Holding at zero: No confirmed COVID-19 cases in Nunavut as preparations ramp up

You only need to visit the Iqaluit Beer and Wine Store to see Nunavummiut embracing the new reality of social distancing.

The small outlet – the only of it’s kind in Nunavut – has placed tape on the floor marking one-metre intervals, so that people can properly space themselves while waiting in the notoriously packed line.

One of the digital menus no longer lists available wines; it reminds you not to get too close to your neighbour.

Iqaluit’s taxis are the de facto public transport for the Nunavut capital. Traditionally, cabbies could pick up another fare while there was still someone else in the cab, because it is a set $8 fee to anywhere in the city.

Iqaluit’s Caribou Cabs announced today that they are no longer making multiple pick-ups on one trip to limit close contact with others.

This is what Nunavut Premier Joe Savikataaq is hoping for: for Nunavummiut to slow the spread of the pandemic so that Nunavut’s limited healthcare services can keep up with the rate of infection.

On March 11, the World Health Organization (WHO) declared COVID-19 a pandemic.


On March 11, the World Health Oganization declared the COVID-19 outbreak a pandemic. APTN News is reporting from across the country on the viral outbreak and how it is impacting Indigenous communities. For more information click here: COVID-19


Nunavut still does not have a case of COVID-19 as of publishing time. But questions from the public are on the rise. That’s why Premier Savikataaq and Chief Public Health Officer Dr. Michael Patterson are now holding briefings daily.

In his remarks, Savikataaq mentioned the possibility of economic support for Nunavummiut impacted by the virus, but he wouldn’t go into specifics.

“Its at the very beginning of it, so I can’t comment much more on it, but we are working on it,” said Savikataaq. “We are looking at it as a federal ask, and as one of our own. It’s at the very early stages.”

Nunavut has notoriously crowded housing. According to the Nunavut Housing Corporation, it would take $2-billion in immediate spending to build enough homes just to break even. Iqaluit’s men’s shelter alone houses more than 50 homeless people nightly in a four-bedroom house.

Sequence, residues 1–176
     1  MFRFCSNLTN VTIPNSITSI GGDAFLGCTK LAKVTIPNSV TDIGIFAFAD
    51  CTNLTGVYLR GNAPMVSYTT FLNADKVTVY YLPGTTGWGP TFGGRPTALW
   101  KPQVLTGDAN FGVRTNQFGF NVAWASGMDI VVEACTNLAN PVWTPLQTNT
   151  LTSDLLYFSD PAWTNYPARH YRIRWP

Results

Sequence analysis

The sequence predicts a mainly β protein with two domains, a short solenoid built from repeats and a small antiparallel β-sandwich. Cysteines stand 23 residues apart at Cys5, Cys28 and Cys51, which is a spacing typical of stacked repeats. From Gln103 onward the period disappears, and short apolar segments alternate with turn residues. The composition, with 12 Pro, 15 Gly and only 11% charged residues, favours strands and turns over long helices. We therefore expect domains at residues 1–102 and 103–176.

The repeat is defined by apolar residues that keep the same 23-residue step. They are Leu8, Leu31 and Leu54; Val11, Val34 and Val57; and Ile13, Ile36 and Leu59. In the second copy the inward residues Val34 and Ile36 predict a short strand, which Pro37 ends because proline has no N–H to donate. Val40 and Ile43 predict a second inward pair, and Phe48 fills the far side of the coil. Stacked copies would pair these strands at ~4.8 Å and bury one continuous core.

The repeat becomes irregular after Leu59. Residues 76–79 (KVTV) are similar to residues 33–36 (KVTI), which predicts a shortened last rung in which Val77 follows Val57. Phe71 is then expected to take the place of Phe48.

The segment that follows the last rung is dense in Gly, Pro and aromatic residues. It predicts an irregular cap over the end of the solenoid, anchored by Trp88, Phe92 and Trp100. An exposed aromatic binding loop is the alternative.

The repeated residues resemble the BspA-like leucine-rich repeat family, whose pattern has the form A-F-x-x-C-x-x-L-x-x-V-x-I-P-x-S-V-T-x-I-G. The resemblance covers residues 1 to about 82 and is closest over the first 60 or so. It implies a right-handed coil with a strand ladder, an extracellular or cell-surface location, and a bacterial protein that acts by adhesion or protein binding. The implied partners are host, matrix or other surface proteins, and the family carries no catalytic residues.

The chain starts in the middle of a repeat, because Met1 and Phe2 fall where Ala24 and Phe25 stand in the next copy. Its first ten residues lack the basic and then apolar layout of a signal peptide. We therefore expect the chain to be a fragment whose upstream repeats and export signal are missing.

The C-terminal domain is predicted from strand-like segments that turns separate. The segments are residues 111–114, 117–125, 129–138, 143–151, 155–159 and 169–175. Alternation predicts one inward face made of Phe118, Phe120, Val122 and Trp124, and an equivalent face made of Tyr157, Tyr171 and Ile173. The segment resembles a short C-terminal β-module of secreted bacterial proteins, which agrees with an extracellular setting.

How does Nunavut begin to slow COVID-19 when all the factors to let it thrive are available in the territory?

“You wash your hands and do your best to social distance, and try not to share any objects,” said Premier Savikataaq. He added, “That’s the best we can do. Its not an ideal situation, obviously.”

One near constant question from Nunavut residents is “why not just test everyone and then we’ll know who to isolate?”

According to Dr. Patterson, that is bad science and could pose even more risk.

“If you were exposed on Thursday and swabbed on Saturday, the test will probably come back negative,” explained Patterson. “Four days later when the symptoms appear, people tend to think they don’t have to worry about COVID, and then will spend several days out of isolation, spreading the infection.”

Nunavut’s Baffin Correctional Centre – Iqaluit’s catch all jail and remand centre – was called one of the worst prisons in Canada by the federal auditor general in 2015.

It is over crowded and aging and currently being renovated.

If COVID-19 hit that jail, it would have a captive audience.

“I’ve met with them,” said Dr. Patterson. “We’ve met with them about cleaning and contingency plans should COVID-19 get into a correctional facility.”

Dr. Patterson let the assembled reporters know that the number of outstanding tests is not going to be updated daily anymore, rather every other day to reduce workload on Health Department staff.

Yesterday, they were still waiting for 30 results.

“We’ve been testing all over the territory. I can’t tell you exactly which communities, but I’ve received calls from staff in all three regions of Nunavut,” said Patterson.

Canadian North announced today that they are reducing their flight schedule. There is now only one flight per day to and from Ottawa, and flights to communities are now every other day. The Nunavik Inuit region of Northern Quebec has announced that they no longer want visitors. So have at least four Nunavut communities. The possibility for a more formal stay-away warning exists.

“Its a possibility, and we’ve already asked that all non-essential travel cease. Some of those restrictions come down to federal jurisdiction, to make it more firm than we can do. Right now, it is a recommendation and a request, that all non-essential travel be avoided.”

Iqaluit is the regional health hub for Baffin Island, and steps are being taken at Qikiqtani General Hospital to slow the spread of the virus.

“Visitors are being asked to wear masks. It goes to the social responsibility. If we want to protect ourselves, we have to protect each other,” said Dr. Patterson.

There is no vaccine yet for COVID-19, and at least one example of someone catching it twice. Once it takes hold in Nunavut, the territory could be fighting a running battle for an undetermined amount of time.

“There is one report of someone catching it twice, but that is one person out of 150,000 some cases around the world right now. Many people do develop immunity to it. Vaccines are being worked on, so there’s a possible number of avenues for elimination,” said Dr. Patterson, adding, “The honest answer right now is that it is an interesting thought and an interesting question, but we’ve got other stuff to do right now.”

Video Journalist / Iqaluit

Kent has been APTN’s Nunavut correspondent since 2007. In that time he has closely covered Inuit issues, including devolution and the controversial Nutrition North food subsidy. He has also worked for CKIQ-FM in Iqaluit and as a reporter for Nunavut News North.